In an insurance company, Se-young, who has a power to see people's past and read their minds. Mr.Park, Se-Young's boss, assumes that she has some kind of special power, decides to test her ...
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A teenager is abducted and forced to tell the scariest tales she knows, leading to this anthology of four stories: a brother and sister are under siege while home alone; a killer escapes ... See full summary »
In this seventh installment of the Ju-on franchise, a school teacher visits the home of a boy who's been absent from school for a long period of time, unaware of the horrific tragedy which occurred in the boy's household many years ago.
In an insurance company, Se-young, who has a power to see people's past and read their minds. Mr.Park, Se-Young's boss, assumes that she has some kind of special power, decides to test her ability. At very late night, Mr. Park picks three doubtful cases. He asks Se-young to tell him what exactly happened and if she thinks the insurance company has paid them the right amount of money. Se-young, who senses some unknown fear wandering around him, tells the story of each case. Every time Se-young finishes each case, the dark aura gets darker and bigger and Se-young tries to Mr. Park about it. Would Mr. Park able to escape from unknown fear? Written by
Normally I am not overly keen on anthologies as there haven't been that many that has been overly impressive. But still, this is a South Korean horror anthology, so why not give a chance, even without having seen the first movie. Why? Well, simply because I had the opportunity.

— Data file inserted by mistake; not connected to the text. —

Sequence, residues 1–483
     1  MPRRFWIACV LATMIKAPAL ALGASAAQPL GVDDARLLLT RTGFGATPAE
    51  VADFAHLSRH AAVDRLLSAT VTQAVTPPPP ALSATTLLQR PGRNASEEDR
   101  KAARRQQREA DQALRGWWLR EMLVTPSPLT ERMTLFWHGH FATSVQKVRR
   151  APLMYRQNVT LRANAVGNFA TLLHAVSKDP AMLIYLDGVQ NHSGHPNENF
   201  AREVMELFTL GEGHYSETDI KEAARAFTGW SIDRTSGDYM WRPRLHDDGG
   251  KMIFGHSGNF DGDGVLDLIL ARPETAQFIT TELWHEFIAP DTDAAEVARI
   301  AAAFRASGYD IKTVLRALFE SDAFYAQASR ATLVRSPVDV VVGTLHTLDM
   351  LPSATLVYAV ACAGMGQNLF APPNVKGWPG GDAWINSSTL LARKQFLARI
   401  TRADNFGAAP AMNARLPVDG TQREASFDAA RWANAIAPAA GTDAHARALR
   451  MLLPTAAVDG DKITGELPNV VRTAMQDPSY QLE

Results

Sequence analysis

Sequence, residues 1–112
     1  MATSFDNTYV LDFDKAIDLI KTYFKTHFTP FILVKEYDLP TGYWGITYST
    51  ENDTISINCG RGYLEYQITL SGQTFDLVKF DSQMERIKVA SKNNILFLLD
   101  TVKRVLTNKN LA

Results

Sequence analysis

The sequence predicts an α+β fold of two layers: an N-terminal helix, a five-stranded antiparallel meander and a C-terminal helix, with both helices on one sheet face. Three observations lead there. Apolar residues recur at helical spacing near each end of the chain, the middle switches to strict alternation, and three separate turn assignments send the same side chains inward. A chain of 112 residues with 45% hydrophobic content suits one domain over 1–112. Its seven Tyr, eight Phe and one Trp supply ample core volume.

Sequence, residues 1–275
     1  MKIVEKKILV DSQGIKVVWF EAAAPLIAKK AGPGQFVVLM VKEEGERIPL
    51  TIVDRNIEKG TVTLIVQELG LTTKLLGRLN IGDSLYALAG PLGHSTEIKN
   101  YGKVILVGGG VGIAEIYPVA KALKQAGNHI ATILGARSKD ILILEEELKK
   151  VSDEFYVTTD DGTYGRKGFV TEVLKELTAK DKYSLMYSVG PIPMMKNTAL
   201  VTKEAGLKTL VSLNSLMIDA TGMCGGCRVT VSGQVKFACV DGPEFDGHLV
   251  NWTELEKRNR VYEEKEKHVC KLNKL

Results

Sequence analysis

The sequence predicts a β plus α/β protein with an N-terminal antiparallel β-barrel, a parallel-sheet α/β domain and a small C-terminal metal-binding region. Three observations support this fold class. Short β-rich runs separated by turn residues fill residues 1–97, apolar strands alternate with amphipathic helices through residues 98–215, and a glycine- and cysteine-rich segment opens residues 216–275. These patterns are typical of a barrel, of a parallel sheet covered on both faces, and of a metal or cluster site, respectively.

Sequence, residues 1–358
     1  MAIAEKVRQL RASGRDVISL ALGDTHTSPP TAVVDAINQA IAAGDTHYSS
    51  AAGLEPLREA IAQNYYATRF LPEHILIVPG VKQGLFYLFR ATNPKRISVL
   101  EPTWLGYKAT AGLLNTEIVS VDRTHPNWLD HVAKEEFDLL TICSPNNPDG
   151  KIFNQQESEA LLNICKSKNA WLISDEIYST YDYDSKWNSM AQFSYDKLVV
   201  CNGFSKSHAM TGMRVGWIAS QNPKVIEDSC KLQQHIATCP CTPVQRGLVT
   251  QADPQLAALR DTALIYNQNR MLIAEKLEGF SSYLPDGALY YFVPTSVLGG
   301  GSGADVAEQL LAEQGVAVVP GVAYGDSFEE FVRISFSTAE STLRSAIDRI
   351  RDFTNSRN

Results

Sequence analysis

The first segment, "The Cliff", was nicely filmed, although the story was really predictable. It was more of a drama than it was a horror experience. But I suppose that the supernatural twist to it and the amazingly ridiculous ending was enough to call it horror by the director's standard.
Moving on to the second segment, "The Pain of Death", again not scary. However, while it was initially a bit boring, the director managed to tie together all strings in a very fulfilling way, which made the ending quite good. But as for the scares, don't get your hopes up.
The third segment, "Escape", is way over-the-top and totally stands out from the previous two segments. But not really fitting to the anthology, again, it is nowhere near being even remotely scary. "Escape" was odd and bizarre in a way that it was the most entertaining of all segments.
It was actually the narrative story in between each segment which turned out to be the best of all the stories and also the most interesting.
All in all, "Horror Stories 2" was a less than mediocre horror experience in the South Korean horror genre.
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